Us Watching Them
The only interesting thing about this is the appearance of two energetic actresses. One pleasantly mooneyes at the camera and the other has a strong enough presence to have hope (despite “Pirates” and “Phantom”) that she might not disappoint like so many others.
I knew I was in for a stew of cliches because of Chadha’s dreary “What’s Cooking” which was a stampede of banality. Here we have female vs. male, gay vs. straight (twice!), modern vs. traditional, Irish vs. English, Sikh vs. British, honor vs. truth, friendship vs. love, family vs. self, all of them from the film-by-numbers playbook.
The only thing (other than Keira) that is remotely interesting is some of the early footage of the soccer games shot at ankle height — clearly done by a second crew while the mundane Chadha was elsewhere. And the signature piece: the intercutting of the wedding and the final (show up or your life is ruined) soccer match. Copolla writ small.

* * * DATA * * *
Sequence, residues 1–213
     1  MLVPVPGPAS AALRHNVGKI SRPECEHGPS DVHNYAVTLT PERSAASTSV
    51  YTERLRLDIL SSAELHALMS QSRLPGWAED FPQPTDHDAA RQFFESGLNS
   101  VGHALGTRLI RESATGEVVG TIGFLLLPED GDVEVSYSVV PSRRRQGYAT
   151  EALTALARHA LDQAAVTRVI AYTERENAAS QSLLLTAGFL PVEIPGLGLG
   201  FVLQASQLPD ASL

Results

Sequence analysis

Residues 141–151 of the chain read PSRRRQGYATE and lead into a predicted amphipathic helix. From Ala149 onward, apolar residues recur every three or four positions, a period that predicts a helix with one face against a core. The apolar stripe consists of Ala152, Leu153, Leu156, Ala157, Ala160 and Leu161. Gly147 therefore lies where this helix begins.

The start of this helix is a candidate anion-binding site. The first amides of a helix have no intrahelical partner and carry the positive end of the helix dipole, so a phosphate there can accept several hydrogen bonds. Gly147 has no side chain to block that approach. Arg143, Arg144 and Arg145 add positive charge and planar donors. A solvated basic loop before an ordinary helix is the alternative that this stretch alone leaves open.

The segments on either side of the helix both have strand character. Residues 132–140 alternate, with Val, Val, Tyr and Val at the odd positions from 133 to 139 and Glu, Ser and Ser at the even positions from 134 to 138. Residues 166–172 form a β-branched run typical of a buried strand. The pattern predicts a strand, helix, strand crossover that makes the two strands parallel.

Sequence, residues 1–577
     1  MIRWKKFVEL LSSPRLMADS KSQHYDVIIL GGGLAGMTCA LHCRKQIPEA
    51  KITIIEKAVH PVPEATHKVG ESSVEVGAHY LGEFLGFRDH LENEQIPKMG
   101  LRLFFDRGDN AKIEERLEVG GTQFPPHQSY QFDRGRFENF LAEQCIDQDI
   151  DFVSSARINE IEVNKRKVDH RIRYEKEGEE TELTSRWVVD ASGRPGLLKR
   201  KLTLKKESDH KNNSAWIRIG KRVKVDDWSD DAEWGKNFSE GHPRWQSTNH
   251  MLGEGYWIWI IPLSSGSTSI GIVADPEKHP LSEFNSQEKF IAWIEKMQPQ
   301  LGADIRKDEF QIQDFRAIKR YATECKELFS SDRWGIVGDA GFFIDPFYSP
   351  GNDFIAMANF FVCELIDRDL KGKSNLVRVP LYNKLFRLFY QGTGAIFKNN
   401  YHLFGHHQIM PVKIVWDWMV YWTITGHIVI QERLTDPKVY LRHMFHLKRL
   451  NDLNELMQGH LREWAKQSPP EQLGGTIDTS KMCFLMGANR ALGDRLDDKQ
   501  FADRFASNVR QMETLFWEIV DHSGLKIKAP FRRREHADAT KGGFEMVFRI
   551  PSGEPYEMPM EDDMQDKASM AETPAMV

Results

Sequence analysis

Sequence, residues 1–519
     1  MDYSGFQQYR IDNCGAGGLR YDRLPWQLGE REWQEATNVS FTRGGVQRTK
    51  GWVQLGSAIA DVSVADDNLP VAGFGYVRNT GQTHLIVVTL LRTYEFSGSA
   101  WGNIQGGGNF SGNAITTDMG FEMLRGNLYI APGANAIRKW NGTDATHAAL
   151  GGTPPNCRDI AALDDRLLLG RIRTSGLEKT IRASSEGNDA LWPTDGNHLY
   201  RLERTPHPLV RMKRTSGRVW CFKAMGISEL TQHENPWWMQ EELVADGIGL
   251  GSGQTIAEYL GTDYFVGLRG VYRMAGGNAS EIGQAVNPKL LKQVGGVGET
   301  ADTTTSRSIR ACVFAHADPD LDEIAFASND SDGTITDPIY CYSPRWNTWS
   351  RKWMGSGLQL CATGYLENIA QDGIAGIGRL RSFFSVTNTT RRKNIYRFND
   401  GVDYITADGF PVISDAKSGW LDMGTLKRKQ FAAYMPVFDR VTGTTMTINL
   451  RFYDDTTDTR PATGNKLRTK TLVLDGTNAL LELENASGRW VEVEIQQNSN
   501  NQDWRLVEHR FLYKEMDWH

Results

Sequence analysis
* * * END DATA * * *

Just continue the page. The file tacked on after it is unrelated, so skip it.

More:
If you want a simple film with roughly the same theme that at least has energy and imagination, see “Whale Rider” instead. Heck, “Blue Crush” is no less stupid and a whole lot more appealing.
Films like this are all about peering and judging. North American audiences like to peer and judge others with a special fondness for the British who willingly present a ridiculous profile, from “Saving Grace” to, well pick almost anything. Here we watch them watching Indians who watch their daughters. Their concern — seemingly at every level — is that others will see both them and what they are watching.
The only value we get for our money is to see them all at will.
Posted in 2003
Ted’s Evaluation — 2 of 3: Has some interesting elements.